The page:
To head international Twenty20 off at the pass, as it were, the ICC are keen to promote state, provincial and county versions and a big money Champions League will start next year, probably in Dubai. "Within that our priority will be to preserve Test cricket," said Speed. "We need to ensure it remains strong because it is the iconic form of the game." That was easier two days ago.
Television itself reveals the reason. In the early Nineties when broadcasting rights became significant, a one-day international equated to one day's Test cricket. It was not long before one Test match was worth only two one-dayers and then an entire five-day Test and a single one-dayer were on a par. By now, it has gone beyond that and the events of the past fortnight have probably unbalanced the equation further. Thus, broadcasters may shortly want two Test matches for what they pay for a single one-dayer.
Or they may not want Test matches at all. A few years ago Andrew Wildblood, a senior vice-president of IMG/TWI, which is responsible for the handling and distribution of thousands of hours of televised cricket globally, was told by a senior Indian television man that he had no interest in screening Tests. And that was before Twenty20 was a twinkle in the eye of its devisers in England.
The size of the audience is the dominant factor. The largest crowd for any cricket match in Australia this winter will be for a one-off Twenty20 match between Australia and India at Melbourne in February. It will beat the attendance for the Boxing Day Test there, one of the country's traditional sporting gatherings.
Then there is Allen Stanford, the Texas banking billionaire who has been in Johannesburg for the World Twenty20. Stanford fell in love with cricket when he took part of his business to Antigua and has already staged a hugely successful Caribbean Twenty20 with a sequel planned early next year.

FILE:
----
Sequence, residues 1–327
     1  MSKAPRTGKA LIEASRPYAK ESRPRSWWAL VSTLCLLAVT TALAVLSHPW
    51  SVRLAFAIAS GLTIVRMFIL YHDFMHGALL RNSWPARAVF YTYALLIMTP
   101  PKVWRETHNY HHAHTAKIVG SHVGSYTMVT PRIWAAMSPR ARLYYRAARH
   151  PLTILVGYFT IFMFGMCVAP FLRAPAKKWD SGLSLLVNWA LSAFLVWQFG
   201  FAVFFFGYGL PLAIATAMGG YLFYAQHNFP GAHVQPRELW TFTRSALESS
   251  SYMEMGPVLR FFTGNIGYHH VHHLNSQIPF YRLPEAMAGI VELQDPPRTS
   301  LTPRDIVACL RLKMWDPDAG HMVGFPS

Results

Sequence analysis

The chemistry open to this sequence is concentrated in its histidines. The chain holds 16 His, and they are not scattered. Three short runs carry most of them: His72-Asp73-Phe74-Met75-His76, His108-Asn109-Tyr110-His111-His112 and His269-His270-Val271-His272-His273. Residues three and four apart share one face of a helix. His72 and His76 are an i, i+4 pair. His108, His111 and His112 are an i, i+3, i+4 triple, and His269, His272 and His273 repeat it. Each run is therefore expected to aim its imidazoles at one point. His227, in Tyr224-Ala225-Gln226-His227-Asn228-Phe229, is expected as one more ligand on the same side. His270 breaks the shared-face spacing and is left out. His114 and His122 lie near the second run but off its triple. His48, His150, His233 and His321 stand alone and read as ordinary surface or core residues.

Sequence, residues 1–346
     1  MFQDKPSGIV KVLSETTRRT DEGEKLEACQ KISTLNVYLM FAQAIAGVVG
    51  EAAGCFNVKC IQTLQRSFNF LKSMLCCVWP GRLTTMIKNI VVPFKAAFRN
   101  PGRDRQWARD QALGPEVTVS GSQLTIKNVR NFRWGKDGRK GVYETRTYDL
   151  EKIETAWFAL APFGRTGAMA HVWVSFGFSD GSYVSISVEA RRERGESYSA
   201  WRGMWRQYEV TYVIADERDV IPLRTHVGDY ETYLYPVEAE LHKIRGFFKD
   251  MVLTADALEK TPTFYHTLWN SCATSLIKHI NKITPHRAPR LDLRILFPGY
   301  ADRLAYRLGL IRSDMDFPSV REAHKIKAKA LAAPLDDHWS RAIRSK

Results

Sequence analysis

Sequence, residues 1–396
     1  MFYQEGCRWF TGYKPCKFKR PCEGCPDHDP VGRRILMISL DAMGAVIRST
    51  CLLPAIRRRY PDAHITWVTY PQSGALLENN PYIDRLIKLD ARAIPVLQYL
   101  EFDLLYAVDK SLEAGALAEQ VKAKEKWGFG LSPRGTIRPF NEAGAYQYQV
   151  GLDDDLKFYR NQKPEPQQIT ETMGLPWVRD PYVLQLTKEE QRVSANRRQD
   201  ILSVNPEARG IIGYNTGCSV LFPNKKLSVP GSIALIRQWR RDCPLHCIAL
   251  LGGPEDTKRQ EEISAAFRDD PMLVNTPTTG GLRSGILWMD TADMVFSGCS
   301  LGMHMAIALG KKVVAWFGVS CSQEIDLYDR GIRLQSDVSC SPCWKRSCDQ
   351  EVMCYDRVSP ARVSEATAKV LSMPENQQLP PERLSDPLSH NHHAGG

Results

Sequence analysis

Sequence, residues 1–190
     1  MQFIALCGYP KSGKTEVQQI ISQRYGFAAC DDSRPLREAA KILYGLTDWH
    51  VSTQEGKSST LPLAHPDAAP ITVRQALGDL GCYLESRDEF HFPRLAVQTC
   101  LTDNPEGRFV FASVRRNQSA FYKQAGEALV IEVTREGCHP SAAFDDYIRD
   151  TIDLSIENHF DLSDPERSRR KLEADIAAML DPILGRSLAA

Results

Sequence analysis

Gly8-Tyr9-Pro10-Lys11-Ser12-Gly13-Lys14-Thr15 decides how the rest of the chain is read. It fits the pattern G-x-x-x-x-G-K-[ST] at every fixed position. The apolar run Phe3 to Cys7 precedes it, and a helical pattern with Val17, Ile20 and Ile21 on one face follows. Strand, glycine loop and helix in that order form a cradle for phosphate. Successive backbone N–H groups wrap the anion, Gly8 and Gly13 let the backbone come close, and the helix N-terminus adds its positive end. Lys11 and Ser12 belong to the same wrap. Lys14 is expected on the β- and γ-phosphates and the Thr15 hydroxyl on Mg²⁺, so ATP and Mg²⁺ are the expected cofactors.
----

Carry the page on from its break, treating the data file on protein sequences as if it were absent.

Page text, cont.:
He has offered a winner takes all purse of $US5m (£2.48m) for India as World Twenty20 champions to take on his all-star team. That may not proceed because the Indian board may decline the invitation.
Stanford was also prevented from inviting four teams – Australia, South Africa, Sri Lanka and India (note, not England who are perceived to be party poopers) – to play in a $US20m (£9.9m) event. Stanford has the zeal of a convert and bottomless pockets, a winning and lethal combination. He will not be easily deterred.
If this is gloomy, there are some reasons to believe the position is not terminal. Speed's bullishness was one. Wildblood, himself a Test devotee, thinks that Twenty20 could be a good thing for Tests.
"It is important to have diversity of product opportunity, though I hate calling cricket a product," he said. "In introducing people to Twenty20 you may find some who will then go on to like the more sophisticated forms of the game. If you sit on your hands and do nothing the consequences are inevitable.
"If for every 100 people new to cricket who watch Twenty20 ten go on to watch other forms then that is a benefit. But it is fundamentally a worry because the fact is that no one is watching Test cricket in Sri Lanka or most other places."
It might be worthwhile, indeed it is essential to restate the virtues of Test cricket. The two-innings-a-side game played over five days is a campaign, full of nuances and subtle shifts. Those who have played it recognise it as the ultimate examination of their skills because they have to sustain them for so long. Those who watch it devotedly are engrossed by the carefully laid snares that can take the time of a Twenty20 innings to work out.